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The Federal Highway Administration's (FHWA's) Office of Planning, Environment, and Realty's research program supports projects with the goal of strengthening transportation planning and environmental decision-making. This page features recent research projects and activities that FHWA conducted to achieve this goal. Links to previous research highlights can be found at the bottom of the page.
Effective Public Involvement and Environmental Justice Strategies for Rural and Small Communities. The Community Transportation Association of America (CTAA) conducted an applied research project to help transportation planners, practitioners and other decision makers in rural areas and other smaller communities develop strategies for public involvement in transportation planning and programming. Staff Contact: Jody McCullough, (202) 366-5001.
MPO Planning for Shared Mobility. "New mobility" technologies and business models including on-demand ridesharing ("ride sourcing"), car sharing, trip planning applications, private transit services, and others have introduced powerful new dynamics in the transportation. This study will investigate and unlock emerging strategies and approaches for MPOs in integrating new technologies and business practices into the transportation planning process. Staff Contact: Harlan Miller, (202) 366-0847.
2015 Environmental Justice (EJ) Implementation Report. The U.S. Department of Transportation (DOT) issues this annual EJ Implementation Report to describe and summarize DOT’s EJ activities in keeping with Executive Order 12898, “Federal Actions to Address Environmental Justice in Minority Populations and Low-Income Populations,” and a Memorandum of Understanding on Environmental Justice signed by the heads of Federal agencies in 2011. The 2015 report highlights the release of the FHWA Environmental Justice Reference Guide, a resource intended for FHWA staff to help them ensure compliance with EJ requirements. The document does not establish any new requirements or replace any existing guidance. Staff Contact: Brenda Kragh, (202) 366-2064.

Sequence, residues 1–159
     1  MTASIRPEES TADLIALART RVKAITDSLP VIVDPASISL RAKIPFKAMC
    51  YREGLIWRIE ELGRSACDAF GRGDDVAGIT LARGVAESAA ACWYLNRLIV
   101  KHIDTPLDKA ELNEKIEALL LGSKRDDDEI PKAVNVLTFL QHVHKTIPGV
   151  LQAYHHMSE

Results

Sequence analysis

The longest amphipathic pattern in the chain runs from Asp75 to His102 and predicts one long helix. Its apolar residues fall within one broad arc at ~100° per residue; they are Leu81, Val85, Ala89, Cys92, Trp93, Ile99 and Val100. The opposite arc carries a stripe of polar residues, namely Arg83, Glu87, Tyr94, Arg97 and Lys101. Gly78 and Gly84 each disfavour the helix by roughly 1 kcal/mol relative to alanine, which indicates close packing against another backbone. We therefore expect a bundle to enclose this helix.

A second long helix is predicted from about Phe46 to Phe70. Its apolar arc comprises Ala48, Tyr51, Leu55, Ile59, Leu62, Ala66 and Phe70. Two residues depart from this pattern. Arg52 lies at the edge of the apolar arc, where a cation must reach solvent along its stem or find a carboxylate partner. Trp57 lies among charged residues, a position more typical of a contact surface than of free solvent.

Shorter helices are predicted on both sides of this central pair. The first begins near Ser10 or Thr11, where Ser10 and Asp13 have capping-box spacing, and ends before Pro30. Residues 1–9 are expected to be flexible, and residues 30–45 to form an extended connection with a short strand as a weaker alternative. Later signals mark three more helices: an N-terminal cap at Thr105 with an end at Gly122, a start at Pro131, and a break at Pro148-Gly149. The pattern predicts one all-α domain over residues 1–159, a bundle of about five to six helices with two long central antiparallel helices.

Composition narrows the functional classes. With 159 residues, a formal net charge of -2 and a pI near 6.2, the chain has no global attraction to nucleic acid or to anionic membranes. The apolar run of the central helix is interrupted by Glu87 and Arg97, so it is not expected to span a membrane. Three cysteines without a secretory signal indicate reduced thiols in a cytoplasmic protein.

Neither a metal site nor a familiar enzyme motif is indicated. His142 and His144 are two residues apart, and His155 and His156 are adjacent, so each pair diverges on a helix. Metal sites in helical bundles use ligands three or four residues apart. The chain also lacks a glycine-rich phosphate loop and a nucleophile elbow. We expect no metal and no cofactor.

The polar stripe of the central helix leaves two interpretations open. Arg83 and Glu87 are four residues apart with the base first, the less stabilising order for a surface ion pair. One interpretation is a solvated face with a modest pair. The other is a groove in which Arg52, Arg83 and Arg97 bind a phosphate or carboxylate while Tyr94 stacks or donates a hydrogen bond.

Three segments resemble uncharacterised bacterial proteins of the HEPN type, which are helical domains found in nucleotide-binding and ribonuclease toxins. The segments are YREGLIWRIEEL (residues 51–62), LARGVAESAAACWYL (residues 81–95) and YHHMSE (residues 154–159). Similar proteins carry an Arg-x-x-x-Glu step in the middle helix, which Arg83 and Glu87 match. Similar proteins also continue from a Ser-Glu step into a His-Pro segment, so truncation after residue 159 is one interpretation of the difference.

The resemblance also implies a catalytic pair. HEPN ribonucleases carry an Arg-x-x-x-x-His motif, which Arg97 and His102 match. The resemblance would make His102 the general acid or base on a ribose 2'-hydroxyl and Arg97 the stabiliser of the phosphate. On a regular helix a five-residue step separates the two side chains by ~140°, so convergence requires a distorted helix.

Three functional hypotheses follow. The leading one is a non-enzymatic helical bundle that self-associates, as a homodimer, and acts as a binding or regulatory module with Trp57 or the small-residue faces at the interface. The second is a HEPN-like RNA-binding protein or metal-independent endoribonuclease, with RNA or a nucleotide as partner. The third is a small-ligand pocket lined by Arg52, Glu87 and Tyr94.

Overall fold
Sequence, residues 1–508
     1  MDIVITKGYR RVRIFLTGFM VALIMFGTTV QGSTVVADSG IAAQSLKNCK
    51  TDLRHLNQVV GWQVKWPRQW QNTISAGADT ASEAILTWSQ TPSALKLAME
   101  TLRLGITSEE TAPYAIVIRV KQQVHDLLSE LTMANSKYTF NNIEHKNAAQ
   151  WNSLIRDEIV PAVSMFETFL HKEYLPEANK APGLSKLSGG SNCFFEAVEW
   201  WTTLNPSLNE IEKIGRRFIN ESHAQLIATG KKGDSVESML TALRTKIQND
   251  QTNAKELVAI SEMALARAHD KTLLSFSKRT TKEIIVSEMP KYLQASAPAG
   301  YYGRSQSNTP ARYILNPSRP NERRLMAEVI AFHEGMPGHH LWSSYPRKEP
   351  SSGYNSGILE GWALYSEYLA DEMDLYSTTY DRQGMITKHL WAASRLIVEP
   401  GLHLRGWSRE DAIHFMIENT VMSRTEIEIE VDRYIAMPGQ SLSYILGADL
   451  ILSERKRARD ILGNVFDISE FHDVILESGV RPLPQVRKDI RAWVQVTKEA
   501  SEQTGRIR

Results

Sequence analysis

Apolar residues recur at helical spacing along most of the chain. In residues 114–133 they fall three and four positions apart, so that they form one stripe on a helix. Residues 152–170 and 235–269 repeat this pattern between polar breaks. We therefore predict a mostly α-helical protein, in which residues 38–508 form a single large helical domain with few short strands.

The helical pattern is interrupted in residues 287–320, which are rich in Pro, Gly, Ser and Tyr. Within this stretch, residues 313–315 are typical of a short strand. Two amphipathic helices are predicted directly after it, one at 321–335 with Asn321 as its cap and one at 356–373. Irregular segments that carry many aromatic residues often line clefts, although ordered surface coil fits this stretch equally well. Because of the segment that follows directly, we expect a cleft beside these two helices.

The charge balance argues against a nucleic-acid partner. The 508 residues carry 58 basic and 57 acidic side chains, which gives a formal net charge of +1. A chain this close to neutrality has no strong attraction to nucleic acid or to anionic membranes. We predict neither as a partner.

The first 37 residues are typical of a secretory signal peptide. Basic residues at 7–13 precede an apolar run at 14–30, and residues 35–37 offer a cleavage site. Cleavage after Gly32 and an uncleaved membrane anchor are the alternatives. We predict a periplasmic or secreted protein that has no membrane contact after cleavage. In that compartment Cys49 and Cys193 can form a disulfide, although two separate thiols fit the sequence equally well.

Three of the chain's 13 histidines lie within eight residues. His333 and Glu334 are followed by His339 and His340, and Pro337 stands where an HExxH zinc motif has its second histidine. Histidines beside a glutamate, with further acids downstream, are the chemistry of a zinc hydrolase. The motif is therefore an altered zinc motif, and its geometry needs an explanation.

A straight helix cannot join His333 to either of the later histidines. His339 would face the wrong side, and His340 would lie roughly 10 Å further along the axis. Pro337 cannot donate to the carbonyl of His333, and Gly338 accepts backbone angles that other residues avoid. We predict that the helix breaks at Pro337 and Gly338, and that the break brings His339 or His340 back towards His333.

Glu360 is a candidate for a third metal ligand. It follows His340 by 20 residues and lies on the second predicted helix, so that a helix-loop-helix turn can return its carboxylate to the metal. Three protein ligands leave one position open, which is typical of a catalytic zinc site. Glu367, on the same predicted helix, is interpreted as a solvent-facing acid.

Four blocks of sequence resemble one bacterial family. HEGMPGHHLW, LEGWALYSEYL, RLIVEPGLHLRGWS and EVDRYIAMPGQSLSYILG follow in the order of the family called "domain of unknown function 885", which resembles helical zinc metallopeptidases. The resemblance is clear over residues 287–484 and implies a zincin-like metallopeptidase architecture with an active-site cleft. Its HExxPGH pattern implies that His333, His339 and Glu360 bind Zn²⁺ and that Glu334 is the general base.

Framework for Better Integrating Health into Transportation Corridor Planning. Supports transportation practitioners motivated to incorporate health into planning decisions, this framework poses questions to identify issues to consider, suggests partnership strategies, and identifies data and tools needed to support these decisions. Five transportation agencies across the country tested the framework in a corridor study. Their experiences were turned into case studies that highlight how each of the agencies applied the framework to incorporate health into their corridor planning processes, and the resulting outcomes. Staff Contact: Victoria Martinez, (787) 771-2524.
Transportation and Health Tool (THT) - The tool developed by the DOT and the Centers for Disease Control and Prevention (CDC) provides easy access to data that practitioners can use to examine the health impacts of transportation systems. The tool, completed in October 2015, provides data on a set of transportation and public health indicators for each U.S. state and metropolitan area that describe how the transportation environment affects safety, active transportation, air quality, and connectivity to destinations. You can use the tool to quickly see how your State or metropolitan area compares with others in addressing key transportation and health issues. It also provides information and resources to help agencies better understand the links between transportation and health and to identify strategies to improve public health through transportation planning and policy. Staff Contact: Fred Bowers, (202) 366-2374.
Environmental Justice Analysis in Transportation Planning and Programming. This research will involve the collection and synthesis of data pertaining to the identification of low-income and minority populations – and strategies to engage these populations in the development of public involvement plans, metropolitan transportation plans and improvement programs, and long-range statewide transportation plans and improvement programs. The results will be useful to State departments of transportation (DOTs), metropolitan planning organizations (MPOs), local transportation planners, and other practitioners involved with planning, programming, and implementing transportation projects. Staff Contact: Fleming El-Amin, (202) 366-0233.